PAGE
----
Hong Kong Tatler
By Anna David
Aldous Huxley theorized that our human fondness for dogs rests in the fact that “to his dog, every man is Napoleon.” But is feeling like a French emperor worth the $60 billion that Americans spend on pet accessories annually? Worldwide figures are just as high, with reports that the British dole out roughly $135 million a month on their pups alone and predictions that pet-related businesses in Japan will net more than $9 million in 2004. There are, of course, sound reasons behind the ever-increasing sales figures. As plenty of couples decide to forgo children in order to pursue advancing careers, the love (and money) that might have gone into sending their children to college has one simple destination: An extremely pampered pooch. “Most of our clients are empty nesters who either can’t or don’t want to have kids, or whose kids have left home,” says Monica Hannah, co-owner of the Quintessential Pet, an online store that sells pink diamond dog necklaces for $6500 and dog beds for up to $25,000. “They’re usually middle-aged, upwardly mobile women.”
Michelle Pollak, president of Los Angeles-based La Petite Maison, a company that manufactures elaborate doghouses for up to $25,000, believes that the amount of money being lavished upon dogs isn’t simply a trend but is here to stay. “People are living longer – in old age, they dote on their poodles the way they do their grandchildren,” she reasons. “Also, we’re single for longer. I’m 38 and haven’t been married. To us, pooches are our babies.” Melissa Lemer, whose company Silver Spoon threw an elaborate Dog and Baby Buffet party for an array of celebrities including Jason Priestly, Rachel Hunter and Tori Spelling, echoes the sentiment. “A new baby is the same thing as a new dog to anyone who’s a dog lover, so why wouldn’t you get them everything?” she reasons.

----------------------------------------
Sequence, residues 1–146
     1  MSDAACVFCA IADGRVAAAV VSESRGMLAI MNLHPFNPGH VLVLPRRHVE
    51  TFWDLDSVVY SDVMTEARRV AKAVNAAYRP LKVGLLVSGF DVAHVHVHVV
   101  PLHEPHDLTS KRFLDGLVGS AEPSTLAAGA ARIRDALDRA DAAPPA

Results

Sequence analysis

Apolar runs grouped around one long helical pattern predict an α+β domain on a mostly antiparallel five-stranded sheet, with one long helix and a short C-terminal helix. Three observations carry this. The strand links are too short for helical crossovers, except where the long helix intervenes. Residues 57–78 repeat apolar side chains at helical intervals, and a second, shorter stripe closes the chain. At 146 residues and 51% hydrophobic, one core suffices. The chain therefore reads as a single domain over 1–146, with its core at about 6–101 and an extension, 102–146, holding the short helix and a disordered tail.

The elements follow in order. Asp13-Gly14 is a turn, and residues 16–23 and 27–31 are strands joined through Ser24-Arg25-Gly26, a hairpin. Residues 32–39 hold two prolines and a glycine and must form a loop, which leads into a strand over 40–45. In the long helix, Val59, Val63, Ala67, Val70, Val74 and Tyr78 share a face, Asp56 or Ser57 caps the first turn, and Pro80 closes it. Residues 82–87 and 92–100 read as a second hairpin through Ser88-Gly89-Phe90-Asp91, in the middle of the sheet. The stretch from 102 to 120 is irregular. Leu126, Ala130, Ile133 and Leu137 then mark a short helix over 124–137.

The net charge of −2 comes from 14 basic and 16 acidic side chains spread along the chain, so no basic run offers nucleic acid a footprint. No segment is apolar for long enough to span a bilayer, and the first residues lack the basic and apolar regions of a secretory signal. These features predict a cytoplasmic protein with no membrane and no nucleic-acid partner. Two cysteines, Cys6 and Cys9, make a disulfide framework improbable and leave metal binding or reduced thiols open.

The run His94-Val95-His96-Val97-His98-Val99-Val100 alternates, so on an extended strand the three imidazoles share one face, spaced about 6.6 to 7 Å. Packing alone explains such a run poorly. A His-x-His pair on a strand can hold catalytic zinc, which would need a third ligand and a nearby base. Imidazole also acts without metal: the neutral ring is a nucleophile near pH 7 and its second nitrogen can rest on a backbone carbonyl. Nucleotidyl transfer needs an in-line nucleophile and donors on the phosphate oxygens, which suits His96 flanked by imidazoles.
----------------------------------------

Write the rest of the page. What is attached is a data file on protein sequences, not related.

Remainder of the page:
Perhaps no group of people spoils their four-legged babies like celebrities. Paris Hilton, who’s been known to knock around town in matching mum-and-doggy pink Chanel suits, has turned pampering her chihuahua Tinkerbell into something of an art form. Even the men in her life indulge the little one – rumor has it that when news of her sex scandal leaked out, an ex of Hilton’s shipped Tinkerbell a diamond necklace. Supermodel Gisele Bundchen’s Yorkshire Vida (which means “life” in Portuguese) has also been the recipient of some romantic gestures: Supposedly, Bundchen totes Vida around in a Louis Vuitton sac de chien which was a gift from beau Leonardo DiCaprio. Even more indulgent is the tale that Bundchen hired a Hollywood limo service to shuttle herself and Vida the few blocks from the Standard Hotel to the Chateau Marmont so that the little one wouldn’t have to hoof it.
There’s certainly no shortage of clothing, accessories, treatments, treats, holidays and delicacies that celebrities – and the non-famous — can lavish upon a favorite creature. From water beds and cashmere coats to dog houses filled with every last amenity a human could want, dogs seem to have acclimated to the high life just fine. And though no one – yet – has invented a device that teaches dogs to talk, suffice it to say that if they could, they’d probably tell us that an old bone and a ratty blanket simply isn’t up to par.